The U.S. restraint added only 245,000 jobs in November, a number that was lower than the 440,000 expected. It was a sign the commercial recovery had slowed in the last few months.
Six experts discuss what the number means for the economy heading into 2021.
Nela Richardson, chief economist at ADP Inquiry Institute, breaks down underlying factors in the unemployment rate.
“The one thing that we haven’t heard is the labor significance participation rate. I think that’s going to be critical in understanding the edge down in the unemployment rate. You can’t just look at the unemployment type, because we know people are leaving the workforce … a lot of women are leaving the workforce because we’re still, many apartments, in lockdown mode when it comes to schools and child care. And health concerns, we see this showing that woman over 60 are leaving the workforce. So, we have to be really critical about that unemployment rate and hold it next to the labor persuasiveness participation rate, and we see that that edged down as well. Also, it’s consistent with this cooling course, and why stimulus could be really helpful over these winter months while the pandemic is still surging and disencumbering those hard-hit consumers and industries.
Jason Furman, economics professor at Harvard’s Kennedy School, sees the lavish likelihood of a negative read in December.
“I think it’s very likely that the jobs number is negative for the month of December. That mightiness shock people into even another round of action beyond what they’re going to do now. It’s just a lot of occasional reports of layoffs, the high-frequency data are showing that and the like. Also, as I said before, the low-hanging fruit of rally has been picked already — the people going back from temporary layoffs. The permanently unemployed keep mount rebel; that’s a harder pool to make progress with. You add to that the demand reduction associated with the lapse of stimulus that we’ve determined, that will continue to have lagged effects even if they pass something this next week. Add to that the return of the virus, something that states have not taken steps to control. We know from Europe, if you take those steps, you can emphasize the virus back down.”
Kate Moore, head of thematic strategy for BlackRock’s Global Allocation investment band, is watching how companies handle the situation.
“I think looking forward though, the biggest thing I’m sort of focused on is a single time finally we start to get a more normalized activity level, once we get closer to a vaccine, and perhaps, as I was mentioning, we get this tailwind with the economic stimulus, how are companies going to … handle their regular hiring? Because one of the things we really observed in the third-quarter earnings was this unthinkable laser focus on cost control. And I think, you know, until we get back to 100% normal economy, which I don’t fancy will be in 2021, we’re going to need to see incredible focus on the cost control, on labor force management, and that’s customary to put a damper on additional headcount additions, I think, throughout the course of the next year. So, … it’s a good story, the consumer is in opportune shape, the corporate is in good shape, but I think there’s going to be a degree of caution over the course of the hiring.”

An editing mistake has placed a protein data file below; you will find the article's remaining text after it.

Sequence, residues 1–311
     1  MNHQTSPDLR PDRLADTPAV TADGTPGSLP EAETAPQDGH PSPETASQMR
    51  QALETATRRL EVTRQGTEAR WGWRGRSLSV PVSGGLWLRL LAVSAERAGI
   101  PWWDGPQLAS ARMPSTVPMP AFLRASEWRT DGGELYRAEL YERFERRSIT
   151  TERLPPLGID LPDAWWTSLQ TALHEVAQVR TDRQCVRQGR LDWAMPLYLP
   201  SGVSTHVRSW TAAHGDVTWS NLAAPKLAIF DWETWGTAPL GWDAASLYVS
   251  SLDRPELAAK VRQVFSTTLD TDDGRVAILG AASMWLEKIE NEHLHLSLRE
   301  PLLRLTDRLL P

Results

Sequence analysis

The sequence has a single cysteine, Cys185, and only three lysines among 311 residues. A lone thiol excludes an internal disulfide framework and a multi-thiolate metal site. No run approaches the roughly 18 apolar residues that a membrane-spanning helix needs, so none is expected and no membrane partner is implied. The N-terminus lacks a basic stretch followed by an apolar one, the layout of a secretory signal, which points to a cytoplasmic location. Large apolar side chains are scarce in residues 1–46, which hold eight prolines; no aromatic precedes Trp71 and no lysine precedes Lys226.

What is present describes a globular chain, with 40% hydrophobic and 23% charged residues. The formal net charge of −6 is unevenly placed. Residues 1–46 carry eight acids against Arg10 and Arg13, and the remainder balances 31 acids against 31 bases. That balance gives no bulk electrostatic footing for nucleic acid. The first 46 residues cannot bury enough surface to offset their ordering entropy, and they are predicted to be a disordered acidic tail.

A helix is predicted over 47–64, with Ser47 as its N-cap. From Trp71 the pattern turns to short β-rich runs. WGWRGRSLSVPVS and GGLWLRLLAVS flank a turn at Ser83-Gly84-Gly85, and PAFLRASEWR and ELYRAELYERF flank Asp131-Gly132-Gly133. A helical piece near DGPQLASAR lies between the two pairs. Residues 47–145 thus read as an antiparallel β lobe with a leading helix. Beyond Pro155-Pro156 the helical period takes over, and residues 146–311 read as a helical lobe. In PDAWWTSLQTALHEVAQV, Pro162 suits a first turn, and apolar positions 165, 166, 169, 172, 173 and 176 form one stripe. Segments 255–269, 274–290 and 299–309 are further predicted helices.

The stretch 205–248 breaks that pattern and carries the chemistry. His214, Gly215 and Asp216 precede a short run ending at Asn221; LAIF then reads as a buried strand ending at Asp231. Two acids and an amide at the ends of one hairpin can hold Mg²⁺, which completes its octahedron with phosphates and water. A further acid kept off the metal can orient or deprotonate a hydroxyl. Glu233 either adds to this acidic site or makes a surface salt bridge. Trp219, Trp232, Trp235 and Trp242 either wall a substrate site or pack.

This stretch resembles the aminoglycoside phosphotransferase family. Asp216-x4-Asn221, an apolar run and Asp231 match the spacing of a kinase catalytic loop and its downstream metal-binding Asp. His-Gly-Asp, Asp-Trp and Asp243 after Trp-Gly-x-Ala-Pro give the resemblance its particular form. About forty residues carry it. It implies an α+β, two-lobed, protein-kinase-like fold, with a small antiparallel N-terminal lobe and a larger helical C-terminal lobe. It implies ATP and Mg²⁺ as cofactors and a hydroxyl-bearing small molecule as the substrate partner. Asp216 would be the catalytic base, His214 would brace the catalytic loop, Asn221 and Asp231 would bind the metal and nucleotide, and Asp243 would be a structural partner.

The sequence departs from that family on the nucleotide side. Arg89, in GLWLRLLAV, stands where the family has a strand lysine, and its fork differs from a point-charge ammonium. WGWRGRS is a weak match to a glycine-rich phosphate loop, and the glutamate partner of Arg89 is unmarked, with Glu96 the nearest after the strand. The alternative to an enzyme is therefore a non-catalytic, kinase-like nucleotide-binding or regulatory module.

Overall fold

Jim Cramer, pack of CNBC’s “Mad Money,” sees a mixed report.
“Retail trade unfortunately is down a lot. I think that’s Amazon. Amazon is joining a lot of people, but there’s just so many jobs are being taken away. That’s disappointing given the fact of what salt we’re in, but I’m surprised leisure and hospitality was not bad, given the fact that, who’s going anywhere? So … I think it’s mixed.”
Jan Hatzius, chief economist at Goldman Sachs, is circumspect but optimistic for the second quarter of next year.
“I think it’s largely ‘what you see is what you get.’ We are seeing a slowdown. It’s coming to a staggering extent in the sectors of the economy that are most buyer-sensitive, like retail, like restaurants. So I think it’s confirming that the conservatism has been slowing sharply in the fourth quarter and we’re probably still in that process. I think that’s visible in the the government survey with a lower-than-expected jobs gain, it’s visible in the household survey, where the decline in the unemployment rate was reservation due to lower labor force participation and household employment actually shrunk a bit. So I think it’s pretty consistent with the concept that as we go into the winter, the virus numbers are taking a toll. And that probably also means the economy requires degree more support on the fiscal and on the monetary side. Although, as we go into 2021, and especially into the spring, we’re very confident that there will be a sharp recovery.”
Diane Swonk, chief economist at Grant Thornton, breaks down an “discomforting” report.
“I don’t think there’s any question we’re going to see the numbers dip into the red in the month of December, and actually, as you look under the hood, these sum ups are pretty ugly. The unemployment rate fell because participation in the labor force fell yet again in November. So it’s this deceitful narrative to say this is an improving labor market, especially for people of color. I think that’s a very wrong way to understand these numbers. That’s not what the details and the dirt in the details reveals. I also think it’s important to look at the to all intents that we saw. This survey was taken before more restrictions were implemented but as cases were surging due to Covid. The deceleration we’ve divined over the last three months is important to take into context, because it really is a screeching halt in pursuit, our ability to generate employment at a time when we’re still 9.8 million jobs in the hole, more than a million tasks that we lost back during the height of ’08-’09 recession.”